Nick Brown's blog
Posted: 17 Jun 2019 | 14:24
When is enough, enough? With so many parallel programming technologies, should we focus on consolidating them?
At the ISC conference in June I will moderate a panel discussion on whether it is time to focus on the consolidation and interoperability of existing parallel programming technologies, rather than the development of new ones.
Posted: 24 Apr 2019 | 11:51
The blog post below is based on the abstract of a talk at the PASC mini-symposium 'Modelling Cloud Physics: Preparing for Exascale' (Zurich, 13 June 2019).
The Met Office NERC Cloud model (MONC) is an atmospheric model used throughout the weather and climate community to study clouds and turbulent flows. This is often coupled with the CASIM microphysics model, which provides the capability to investigate interactions at the millimetre scale and study the formation and development of moisture. One of the main targets of these models is the problem of fog, which is very hard to model due to the high resolution required – for context the main UK weather forecast resolves to 1km, whereas the fog problem requires 1metre or less.
Posted: 15 Nov 2018 | 16:21
With jobs submitted to a batch system, supercomputing has traditionally been centred around an offline, non-interactive approach to running codes such as simulations. However, it is our belief that there is great potential in fusing HPC with real-time data for use as part of urgent decision-making processes in response to natural disasters and crises.
Posted: 27 Jul 2018 | 15:25
We are working on a machine-learning project with Rock Solid Images (RSI), a geoscience consulting firm that provides borehole characterisation with the goal of reducing exploration drilling risk for oil and gas companies.
RSI is one of the main players in the interpretation of seismic data with well log data and it has built its business on using advanced rock physics methods combined with sophisticated geologic models to deliver highly reliable predictions of where oil and gas might be found.
Posted: 19 Jun 2018 | 18:39
“There is not a moment to lose” – I don’t know if you have ever read any of the Aubrey-Maturin books by the late Patrick O’Brian, set at the turn of the eighteenth to nineteenth centuries and describing life in the Royal Navy. Even if you have only flicked through one of the books, you will probably have picked up an almost constant sense of urgency (a realistic representation of what pervaded the Navy at that time) in the books, much to the annoyance of the decidedly un-Navy-like Dr Maturin!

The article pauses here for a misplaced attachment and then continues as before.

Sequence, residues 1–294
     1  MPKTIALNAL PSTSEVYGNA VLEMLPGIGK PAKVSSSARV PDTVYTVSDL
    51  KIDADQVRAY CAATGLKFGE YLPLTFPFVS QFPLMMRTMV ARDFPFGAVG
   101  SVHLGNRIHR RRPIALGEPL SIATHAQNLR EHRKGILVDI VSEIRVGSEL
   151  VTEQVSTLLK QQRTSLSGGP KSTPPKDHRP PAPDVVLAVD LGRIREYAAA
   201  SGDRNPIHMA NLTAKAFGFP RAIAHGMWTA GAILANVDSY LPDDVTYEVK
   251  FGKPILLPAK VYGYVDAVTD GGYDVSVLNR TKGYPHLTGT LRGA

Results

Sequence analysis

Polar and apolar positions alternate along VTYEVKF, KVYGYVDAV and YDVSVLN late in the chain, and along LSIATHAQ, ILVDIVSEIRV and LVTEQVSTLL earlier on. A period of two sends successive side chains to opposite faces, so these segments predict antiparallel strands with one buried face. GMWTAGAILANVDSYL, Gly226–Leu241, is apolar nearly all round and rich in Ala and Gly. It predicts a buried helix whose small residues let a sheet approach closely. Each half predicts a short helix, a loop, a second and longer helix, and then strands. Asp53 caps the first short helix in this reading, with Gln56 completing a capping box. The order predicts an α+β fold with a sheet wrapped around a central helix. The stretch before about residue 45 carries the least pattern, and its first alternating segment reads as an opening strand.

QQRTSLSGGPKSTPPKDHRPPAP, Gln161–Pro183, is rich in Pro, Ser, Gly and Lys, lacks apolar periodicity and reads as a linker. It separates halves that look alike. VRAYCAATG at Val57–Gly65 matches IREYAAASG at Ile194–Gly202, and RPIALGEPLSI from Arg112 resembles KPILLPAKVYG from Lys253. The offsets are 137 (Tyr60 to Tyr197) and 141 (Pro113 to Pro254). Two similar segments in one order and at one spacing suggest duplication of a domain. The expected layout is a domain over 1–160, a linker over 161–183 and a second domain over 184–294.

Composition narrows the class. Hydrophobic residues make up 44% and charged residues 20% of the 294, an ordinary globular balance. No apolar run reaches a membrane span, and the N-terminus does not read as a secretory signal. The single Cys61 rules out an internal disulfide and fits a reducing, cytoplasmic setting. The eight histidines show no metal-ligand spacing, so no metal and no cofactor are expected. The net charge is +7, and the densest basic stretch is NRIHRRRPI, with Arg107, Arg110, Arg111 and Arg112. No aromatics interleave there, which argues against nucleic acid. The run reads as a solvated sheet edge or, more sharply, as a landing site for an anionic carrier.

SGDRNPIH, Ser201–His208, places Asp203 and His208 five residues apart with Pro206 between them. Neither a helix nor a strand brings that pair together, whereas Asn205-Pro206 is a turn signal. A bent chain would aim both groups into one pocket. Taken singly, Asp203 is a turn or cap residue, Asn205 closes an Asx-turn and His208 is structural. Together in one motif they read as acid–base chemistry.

Considering the modern pace of change I think this sentiment is truer today, especially in scientific fields, than it has ever been before. Certainly from my perspective there is an urgency to try and push forward the state-of-the-art in HPC and share it, before other people’s activities supersede my work. However, I think this same sense of urgency also applies to other, non-technical, aspects of our community. Diversity is a prime example here and, whilst there are some excellent initiatives being adopted by the likes of the SuperComputing (SC) and ISC conferences, we still have a long way to go.
Posted: 5 Apr 2018 | 10:28
The INTERTWinE project has spent a lot of effort addressing interoperability challenges raised by task-based models. By rethinking parallelism in the paradigm of tasks, one reduces synchronisation and decouples the management of parallelism from computation.
This is really attractive but existing models typically rely on shared memory, where the programmer expresses input and output dependencies of tasks based upon variables, which in turn limits the technology to a single memory space – often a node of an HPC machine. So to then scale up beyond a single memory space we must combine a task model with distributed memory technology, such as MPI or GASPI, and this has been a focus for a number of activities in INTERTWinE.
Posted: 3 Apr 2018 | 13:18
Here at EPCC we are looking forward to the 5th Exascale Applications and Software Conference (EASC 2018), which will be held here in Edinburgh in a couple of weeks. This will be the third time we have hosted EASC and it is always a great opportunity to hear about the cutting edge of HPC research.
Posted: 31 Jan 2018 | 11:17
At EPCC we are currently looking to hire both Application Developers and Application Consultants in data science (closing date 22nd of February.) I think this is a really great opportunity for people to become involved in an exciting, fast moving field with great potential and EPCC is a major player in this area.
Our situation in the University makes us fairly unique. We have a diverse mix of both research and commercial projects so it is possible to work on developing the state of the art and also with some big names on work that has a real-world impact. Unlike many technical/research positions at the University, which are short-term Post-Docs, at EPCC our positions are longer term (initially a 2-year fixed-term contract) and many staff have been working at EPCC for several years.
Posted: 23 Jan 2018 | 09:11
Last month I attended a collaboration workshop in Japan between the Centre for Computational Sciences (CCS) at the University of Tsukuba and EPCC. I was talking about the INTERTWinE project, which addresses the problem of programming-model design and implementation for the Exascale, and specifically our work on the specification and implementation of a resource manager and directory/cache.
Posted: 14 Nov 2017 | 04:14
I am at SC 17 in Denver this week and having a really busy (but fun) time, giving some talks and catching up with people in the HPC community.